Thoughts on Evans and Micciche

Can writing be taught? It’s a cliché question that comes up often in creative-writing circles. My own answer goes like this: Writing can be caught, insofar as teaching is largely the facilitation of situations in which new experiences are possible. A poetry class might not offer a blueprint to writing a good poem, but it can provide an occasion for making connections that might not otherwise be made. I’m interested in this week’s readings because they ask a corollary to this question: Can writing be taught systematically? And if so, what place do the rudiments—semantics, syntax, morphology—have in the process? Of course this has much to do with the meaning of a “system” and the taxonomy of values that underpin college writing. Argument is rightfully at the top (in my limited consideration), but I’m curious the relationship between “higher-order” concerns and the nuts-and-bolts that make them possible.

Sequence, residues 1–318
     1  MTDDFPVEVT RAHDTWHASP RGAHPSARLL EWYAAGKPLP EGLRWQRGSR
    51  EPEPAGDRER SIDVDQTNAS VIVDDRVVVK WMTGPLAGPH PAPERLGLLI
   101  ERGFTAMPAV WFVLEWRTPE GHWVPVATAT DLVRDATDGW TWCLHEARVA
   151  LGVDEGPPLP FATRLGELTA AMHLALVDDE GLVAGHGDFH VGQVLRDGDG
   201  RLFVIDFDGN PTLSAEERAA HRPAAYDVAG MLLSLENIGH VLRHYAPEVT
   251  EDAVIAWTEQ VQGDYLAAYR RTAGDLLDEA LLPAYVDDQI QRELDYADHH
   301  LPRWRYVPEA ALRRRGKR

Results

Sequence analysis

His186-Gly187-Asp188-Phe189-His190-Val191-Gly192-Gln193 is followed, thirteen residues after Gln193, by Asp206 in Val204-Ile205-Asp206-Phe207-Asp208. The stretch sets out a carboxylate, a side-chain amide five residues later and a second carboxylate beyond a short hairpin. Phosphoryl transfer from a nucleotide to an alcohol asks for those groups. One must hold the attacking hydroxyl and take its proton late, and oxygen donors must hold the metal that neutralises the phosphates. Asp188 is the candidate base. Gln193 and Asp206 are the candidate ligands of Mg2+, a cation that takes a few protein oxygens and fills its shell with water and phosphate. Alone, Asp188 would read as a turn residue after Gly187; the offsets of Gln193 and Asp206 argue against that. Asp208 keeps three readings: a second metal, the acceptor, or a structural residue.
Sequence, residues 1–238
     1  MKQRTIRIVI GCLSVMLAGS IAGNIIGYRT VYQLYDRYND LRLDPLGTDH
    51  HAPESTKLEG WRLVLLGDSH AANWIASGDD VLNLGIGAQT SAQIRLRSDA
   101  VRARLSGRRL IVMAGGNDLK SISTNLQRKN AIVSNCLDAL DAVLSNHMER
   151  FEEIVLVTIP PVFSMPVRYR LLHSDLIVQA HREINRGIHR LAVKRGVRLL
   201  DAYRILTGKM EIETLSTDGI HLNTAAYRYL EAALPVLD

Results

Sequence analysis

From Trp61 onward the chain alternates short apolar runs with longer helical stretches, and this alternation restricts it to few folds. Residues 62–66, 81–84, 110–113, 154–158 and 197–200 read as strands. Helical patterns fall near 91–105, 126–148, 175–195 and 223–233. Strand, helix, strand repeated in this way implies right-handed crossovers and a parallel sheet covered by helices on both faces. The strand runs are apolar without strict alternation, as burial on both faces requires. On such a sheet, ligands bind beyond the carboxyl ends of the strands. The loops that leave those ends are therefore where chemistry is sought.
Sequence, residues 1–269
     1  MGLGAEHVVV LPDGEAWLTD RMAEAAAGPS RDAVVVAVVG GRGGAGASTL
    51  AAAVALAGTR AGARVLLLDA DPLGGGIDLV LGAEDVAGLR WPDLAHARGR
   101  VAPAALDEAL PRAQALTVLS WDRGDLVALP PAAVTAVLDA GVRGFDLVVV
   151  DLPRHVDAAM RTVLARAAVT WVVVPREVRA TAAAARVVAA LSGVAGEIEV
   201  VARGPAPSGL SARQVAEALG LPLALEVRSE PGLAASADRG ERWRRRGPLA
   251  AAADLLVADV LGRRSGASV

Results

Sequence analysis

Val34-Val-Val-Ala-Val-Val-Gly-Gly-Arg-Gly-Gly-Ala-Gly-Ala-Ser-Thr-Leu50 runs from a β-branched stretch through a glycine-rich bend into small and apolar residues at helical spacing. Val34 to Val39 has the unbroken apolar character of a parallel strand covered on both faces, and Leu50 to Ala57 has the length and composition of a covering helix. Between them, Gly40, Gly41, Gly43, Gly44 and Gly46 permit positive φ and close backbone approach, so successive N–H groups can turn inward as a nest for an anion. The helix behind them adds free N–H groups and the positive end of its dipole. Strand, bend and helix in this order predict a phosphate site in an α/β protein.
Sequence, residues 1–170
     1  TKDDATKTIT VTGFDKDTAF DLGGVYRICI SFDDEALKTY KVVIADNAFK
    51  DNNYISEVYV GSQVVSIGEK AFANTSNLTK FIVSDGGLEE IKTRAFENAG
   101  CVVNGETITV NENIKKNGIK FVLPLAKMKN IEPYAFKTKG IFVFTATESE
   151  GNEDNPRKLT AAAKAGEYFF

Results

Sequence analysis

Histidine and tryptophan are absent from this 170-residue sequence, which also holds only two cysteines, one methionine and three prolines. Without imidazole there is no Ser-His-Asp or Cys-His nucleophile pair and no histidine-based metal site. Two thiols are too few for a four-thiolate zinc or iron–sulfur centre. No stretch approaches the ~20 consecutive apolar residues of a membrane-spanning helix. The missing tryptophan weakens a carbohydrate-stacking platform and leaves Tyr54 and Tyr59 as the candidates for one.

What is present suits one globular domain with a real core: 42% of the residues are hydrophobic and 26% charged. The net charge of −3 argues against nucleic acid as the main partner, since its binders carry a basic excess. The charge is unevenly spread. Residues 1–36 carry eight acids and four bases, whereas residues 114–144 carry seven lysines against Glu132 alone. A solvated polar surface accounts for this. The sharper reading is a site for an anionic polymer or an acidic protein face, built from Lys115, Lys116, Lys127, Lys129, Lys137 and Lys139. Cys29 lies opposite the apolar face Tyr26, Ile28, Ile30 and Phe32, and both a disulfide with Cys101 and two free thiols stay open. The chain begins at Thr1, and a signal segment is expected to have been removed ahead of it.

Evans, I think, provides tangible suggestions for substantiating certain commonplace assumptions about good writing. I’ve always struggled with the idea of the “active voice”—not because the concept itself is hard to grasp, but because it implies a kind of narrative position when really it refers to a grammatical issue. If there were a way to convey the effects of an SVO, and not just the structure, then students might better grasp the connection between mechanics and meaning. Evans is very good at presenting language as almost like a game, a puzzle with interchangeable parts. Linguistics can seem abstract, even disorienting, but I think the exercises she highlights might serve as points of access—brief interludes in a composition course that don’t derail the more essential focus. Even the terms—morphology, etc.—arcane as they are, might empower students. It’s always enjoyable to learn new words and be on the inside of a professional discussion, especially when that learning is grounded in applicable techniques. I’m not going to have the students in my class underline morphemes on Monday or anything. I will, however, consider how grammar relates to sociolinguistics, and sociolinguistics relates to rhetoric, and rhetoric relates to what we want to say, how we want to say it, and why.